US 'eye in the sky' aiding Iraq's Tikrit operation
BAGHDAD - Agence France Presse
Members of an Iraqi Shiite militant group called Imam Ali Brigades launch rockets against Islamic State group positions during clashes in Tikrit, 130 kilometers north of Baghdad, Iraq, Tuesday, March 24, 2015. AP PhotoWashington is providing reconnaissance support for Iraqi forces fighting to retake Tikrit from the Islamic State of Iraq and the Levant (ISIL), an official said March 24, the first confirmation of American involvement in the operation.
Such assistance could help Iraqi forces move forward with their largest operation against ISIL jihadists to date, which enjoyed initial success but has since stalled into a siege, with the city surrounded but not retaken.
A US-led coalition has targeted ISIL with air strikes and provided training and equipment to Iraqi forces, but had not previously announced direct assistance for the Tikrit operation, in which Iran has played a major role.
"The coalition began providing ISR (intelligence, surveillance and reconnaissance) support on March 21, 2015 at the request of the government of Iraq, and the US is now providing that support," a senior coalition military official told AFP, speaking on condition of anonymity.
The official said that this support is provided in the form of "an eye in the sky".
ISIL led a sweeping offensive last June that overran large areas north and west of Baghdad, including Tikrit, the capital of Salaheddin province and executed dictator Saddam Hussein's home town.
Iraqi security forces initially fared poorly against ISIL, with multiple divisions collapsing in the north, but have since made major gains against jihadists with the aid of tens of thousands of allied paramilitaries, the US-led coalition and Iran.
The operation to retake Tikrit, which involves thousands of Iraqi soldiers, police and forces known as Popular Mobilisation units, which are dominated by Shiite militias, began on March 2.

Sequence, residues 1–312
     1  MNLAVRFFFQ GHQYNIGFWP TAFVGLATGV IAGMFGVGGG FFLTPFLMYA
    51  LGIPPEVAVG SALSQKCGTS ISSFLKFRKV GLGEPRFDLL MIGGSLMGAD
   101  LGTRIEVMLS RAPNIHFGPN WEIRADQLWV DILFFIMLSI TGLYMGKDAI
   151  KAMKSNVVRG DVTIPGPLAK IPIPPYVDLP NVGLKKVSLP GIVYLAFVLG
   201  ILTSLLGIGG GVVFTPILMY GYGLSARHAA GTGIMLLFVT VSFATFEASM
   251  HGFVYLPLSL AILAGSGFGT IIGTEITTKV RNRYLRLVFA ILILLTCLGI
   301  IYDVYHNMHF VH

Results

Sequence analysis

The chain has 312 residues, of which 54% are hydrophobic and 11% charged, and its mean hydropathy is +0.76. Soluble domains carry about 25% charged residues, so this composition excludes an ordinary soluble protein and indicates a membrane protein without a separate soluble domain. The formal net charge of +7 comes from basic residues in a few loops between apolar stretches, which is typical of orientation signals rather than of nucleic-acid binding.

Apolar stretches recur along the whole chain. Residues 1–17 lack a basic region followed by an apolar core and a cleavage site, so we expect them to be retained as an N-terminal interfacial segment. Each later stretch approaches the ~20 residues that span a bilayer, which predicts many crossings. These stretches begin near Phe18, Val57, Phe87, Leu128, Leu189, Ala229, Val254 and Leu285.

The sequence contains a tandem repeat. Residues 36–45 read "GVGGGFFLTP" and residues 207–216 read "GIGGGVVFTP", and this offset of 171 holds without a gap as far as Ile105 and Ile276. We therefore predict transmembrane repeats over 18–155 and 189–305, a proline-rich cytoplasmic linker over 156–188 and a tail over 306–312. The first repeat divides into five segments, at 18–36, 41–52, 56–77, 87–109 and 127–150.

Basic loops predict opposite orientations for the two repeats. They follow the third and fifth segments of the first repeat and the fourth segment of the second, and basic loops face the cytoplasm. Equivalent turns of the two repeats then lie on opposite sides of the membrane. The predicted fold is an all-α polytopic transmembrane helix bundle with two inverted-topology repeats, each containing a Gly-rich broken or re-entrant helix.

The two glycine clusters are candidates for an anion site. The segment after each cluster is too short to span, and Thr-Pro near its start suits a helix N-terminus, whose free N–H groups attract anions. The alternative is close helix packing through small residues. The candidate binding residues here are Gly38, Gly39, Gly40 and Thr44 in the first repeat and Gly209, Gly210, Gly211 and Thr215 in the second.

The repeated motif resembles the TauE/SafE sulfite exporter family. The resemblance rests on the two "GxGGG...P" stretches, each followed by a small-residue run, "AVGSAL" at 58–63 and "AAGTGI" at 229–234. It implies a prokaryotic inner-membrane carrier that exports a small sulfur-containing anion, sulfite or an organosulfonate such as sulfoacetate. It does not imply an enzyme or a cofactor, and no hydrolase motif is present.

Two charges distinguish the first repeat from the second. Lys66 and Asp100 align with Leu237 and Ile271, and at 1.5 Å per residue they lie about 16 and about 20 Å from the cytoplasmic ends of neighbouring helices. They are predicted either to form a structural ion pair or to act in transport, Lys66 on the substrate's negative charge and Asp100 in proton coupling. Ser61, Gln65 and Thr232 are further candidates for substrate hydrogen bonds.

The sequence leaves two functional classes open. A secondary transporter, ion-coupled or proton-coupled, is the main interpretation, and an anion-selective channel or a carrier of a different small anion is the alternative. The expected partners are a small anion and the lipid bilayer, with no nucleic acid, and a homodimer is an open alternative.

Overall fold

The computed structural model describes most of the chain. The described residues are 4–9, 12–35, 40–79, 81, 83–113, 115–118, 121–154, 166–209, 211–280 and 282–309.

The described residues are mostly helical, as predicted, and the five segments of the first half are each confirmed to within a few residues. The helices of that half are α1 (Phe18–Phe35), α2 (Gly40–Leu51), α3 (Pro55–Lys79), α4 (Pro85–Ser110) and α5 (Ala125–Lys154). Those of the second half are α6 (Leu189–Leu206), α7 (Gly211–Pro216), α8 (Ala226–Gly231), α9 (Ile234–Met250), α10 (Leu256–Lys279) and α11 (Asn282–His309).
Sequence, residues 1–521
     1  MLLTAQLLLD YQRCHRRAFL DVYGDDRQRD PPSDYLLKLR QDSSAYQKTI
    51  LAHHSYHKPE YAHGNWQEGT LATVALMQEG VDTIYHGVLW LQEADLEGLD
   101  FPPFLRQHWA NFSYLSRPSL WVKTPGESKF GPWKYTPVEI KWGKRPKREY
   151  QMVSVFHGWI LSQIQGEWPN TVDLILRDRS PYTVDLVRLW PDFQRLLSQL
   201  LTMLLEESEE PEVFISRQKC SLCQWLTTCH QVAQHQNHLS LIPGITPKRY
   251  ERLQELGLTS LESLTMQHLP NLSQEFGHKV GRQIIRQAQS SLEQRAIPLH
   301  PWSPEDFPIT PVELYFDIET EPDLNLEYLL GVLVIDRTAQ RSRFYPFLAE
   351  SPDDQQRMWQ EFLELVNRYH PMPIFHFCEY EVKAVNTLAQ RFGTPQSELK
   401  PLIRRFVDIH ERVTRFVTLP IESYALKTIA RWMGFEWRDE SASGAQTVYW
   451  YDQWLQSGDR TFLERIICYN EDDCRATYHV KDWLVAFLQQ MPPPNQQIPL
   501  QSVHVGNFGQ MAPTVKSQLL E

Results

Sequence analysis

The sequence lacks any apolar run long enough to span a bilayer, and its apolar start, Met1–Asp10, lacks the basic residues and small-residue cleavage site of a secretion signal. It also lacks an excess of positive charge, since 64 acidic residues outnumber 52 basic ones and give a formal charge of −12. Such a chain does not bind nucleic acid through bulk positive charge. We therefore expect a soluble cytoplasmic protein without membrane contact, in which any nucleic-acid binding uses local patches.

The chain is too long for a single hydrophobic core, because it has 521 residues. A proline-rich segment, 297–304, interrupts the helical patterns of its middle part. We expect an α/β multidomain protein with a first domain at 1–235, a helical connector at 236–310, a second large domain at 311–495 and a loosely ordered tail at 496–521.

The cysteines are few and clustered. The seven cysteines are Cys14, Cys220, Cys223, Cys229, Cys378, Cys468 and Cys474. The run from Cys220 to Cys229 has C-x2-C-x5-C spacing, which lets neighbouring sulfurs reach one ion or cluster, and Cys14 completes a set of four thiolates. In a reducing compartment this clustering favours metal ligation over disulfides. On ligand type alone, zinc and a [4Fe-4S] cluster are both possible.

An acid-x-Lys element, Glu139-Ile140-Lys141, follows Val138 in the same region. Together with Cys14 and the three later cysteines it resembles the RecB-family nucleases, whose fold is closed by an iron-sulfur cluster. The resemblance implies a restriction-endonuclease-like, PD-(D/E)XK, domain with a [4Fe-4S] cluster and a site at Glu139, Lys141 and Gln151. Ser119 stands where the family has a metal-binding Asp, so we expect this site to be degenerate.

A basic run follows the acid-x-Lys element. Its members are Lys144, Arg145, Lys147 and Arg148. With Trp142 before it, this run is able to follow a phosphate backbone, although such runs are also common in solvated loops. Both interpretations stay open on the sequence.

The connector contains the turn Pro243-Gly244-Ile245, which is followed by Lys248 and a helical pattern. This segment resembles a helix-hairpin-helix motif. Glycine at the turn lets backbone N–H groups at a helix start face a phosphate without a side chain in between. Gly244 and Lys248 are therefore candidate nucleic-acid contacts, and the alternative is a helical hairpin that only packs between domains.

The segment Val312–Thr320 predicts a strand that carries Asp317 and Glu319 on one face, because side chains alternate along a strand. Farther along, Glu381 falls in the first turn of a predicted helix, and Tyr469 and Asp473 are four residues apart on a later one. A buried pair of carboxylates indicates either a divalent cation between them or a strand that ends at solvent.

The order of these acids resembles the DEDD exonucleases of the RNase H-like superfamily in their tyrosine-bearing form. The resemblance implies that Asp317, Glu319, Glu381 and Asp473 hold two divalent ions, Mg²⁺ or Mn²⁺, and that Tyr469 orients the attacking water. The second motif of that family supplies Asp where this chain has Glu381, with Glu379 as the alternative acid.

It has succeeded in retaking towns leading to Tikrit, and also in surrounding several hundred jihadists in the city.
But capturing Tikrit itself has proved more difficult because of the jihadists' extensive defensive works, including a huge number of bombs planted in streets and buildings.
Iraq's interior minister announced last week that the operation had been halted temporarily to avoid casualties and to protect infrastructure in the city.
Army Staff Lieutenant General Abdulwahab al-Saadi, a top commander in Salaheddin province, told AFP on March 15 that coalition air support was needed in Tikrit, and that he had requested that the Iraqi defence minister ask for it.
But that was apparently not immediately done, with a Pentagon spokesman saying five days later that he was unaware of any official requests "to participate in operations around Tikrit".
The issue of foreign air support, especially from the United States, is a point of contention between the Iraqi military and militiamen fighting alongside it.
Hadi al-Ameri, the commander of the powerful Iran-backed Badr militia, told journalists on Sunday that: "Some of the weaklings in the army... say we need the Americans, while we say we do not need the Americans."
The US faces a delicate balancing act in anti-ISIL efforts in Iraq, where working against the jihadists sometimes means taking part in operations that are also assisted by rival Iran, and involving militias that fought against American forces in past years.